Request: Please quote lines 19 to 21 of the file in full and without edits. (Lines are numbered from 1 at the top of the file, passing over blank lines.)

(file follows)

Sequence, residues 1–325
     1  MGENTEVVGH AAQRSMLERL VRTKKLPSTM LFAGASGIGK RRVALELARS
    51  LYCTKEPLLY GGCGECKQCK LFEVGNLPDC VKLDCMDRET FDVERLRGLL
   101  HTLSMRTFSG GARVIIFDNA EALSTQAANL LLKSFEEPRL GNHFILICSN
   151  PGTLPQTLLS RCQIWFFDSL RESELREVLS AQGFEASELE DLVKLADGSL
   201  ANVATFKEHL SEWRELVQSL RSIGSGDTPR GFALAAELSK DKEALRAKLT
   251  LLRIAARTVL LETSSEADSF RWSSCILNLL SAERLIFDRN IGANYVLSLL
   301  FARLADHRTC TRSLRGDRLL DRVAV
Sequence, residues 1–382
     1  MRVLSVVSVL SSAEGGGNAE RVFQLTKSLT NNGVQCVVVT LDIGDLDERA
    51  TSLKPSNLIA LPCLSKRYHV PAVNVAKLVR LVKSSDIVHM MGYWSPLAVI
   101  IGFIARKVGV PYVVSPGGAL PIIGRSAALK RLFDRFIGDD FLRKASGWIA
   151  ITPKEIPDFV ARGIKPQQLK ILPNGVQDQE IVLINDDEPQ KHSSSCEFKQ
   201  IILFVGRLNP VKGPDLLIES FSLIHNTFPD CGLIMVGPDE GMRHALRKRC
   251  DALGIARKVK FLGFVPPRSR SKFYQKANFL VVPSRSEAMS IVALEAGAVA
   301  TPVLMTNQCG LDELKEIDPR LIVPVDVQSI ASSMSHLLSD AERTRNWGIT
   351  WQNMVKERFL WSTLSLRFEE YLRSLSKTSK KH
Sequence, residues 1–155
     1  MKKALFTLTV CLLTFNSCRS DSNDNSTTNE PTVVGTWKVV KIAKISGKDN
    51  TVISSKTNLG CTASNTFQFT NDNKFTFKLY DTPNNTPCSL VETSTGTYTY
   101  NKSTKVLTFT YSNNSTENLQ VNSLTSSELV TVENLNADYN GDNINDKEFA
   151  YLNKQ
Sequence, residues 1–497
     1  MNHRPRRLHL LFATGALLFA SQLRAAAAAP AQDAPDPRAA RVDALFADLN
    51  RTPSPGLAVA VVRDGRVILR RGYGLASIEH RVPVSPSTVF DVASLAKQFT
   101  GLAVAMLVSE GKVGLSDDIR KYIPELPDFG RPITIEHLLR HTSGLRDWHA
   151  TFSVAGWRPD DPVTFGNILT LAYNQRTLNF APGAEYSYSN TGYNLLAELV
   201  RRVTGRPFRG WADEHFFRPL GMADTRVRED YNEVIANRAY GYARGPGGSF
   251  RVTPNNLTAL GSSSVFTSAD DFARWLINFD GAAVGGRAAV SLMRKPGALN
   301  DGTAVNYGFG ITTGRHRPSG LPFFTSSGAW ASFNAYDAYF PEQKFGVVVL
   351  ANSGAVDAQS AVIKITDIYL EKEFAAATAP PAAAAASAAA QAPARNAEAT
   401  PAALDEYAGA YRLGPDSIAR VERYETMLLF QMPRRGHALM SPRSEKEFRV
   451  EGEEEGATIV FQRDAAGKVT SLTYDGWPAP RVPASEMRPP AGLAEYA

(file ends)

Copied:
     1  MKKALFTLTV CLLTFNSCRS DSNDNSTTNE PTVVGTWKVV KIAKISGKDN
    51  TVISSKTNLG CTASNTFQFT NDNKFTFKLY DTPNNTPCSL VETSTGTYTY
   101  NKSTKVLTFT YSNNSTENLQ VNSLTSSELV TVENLNADYN GDNINDKEFA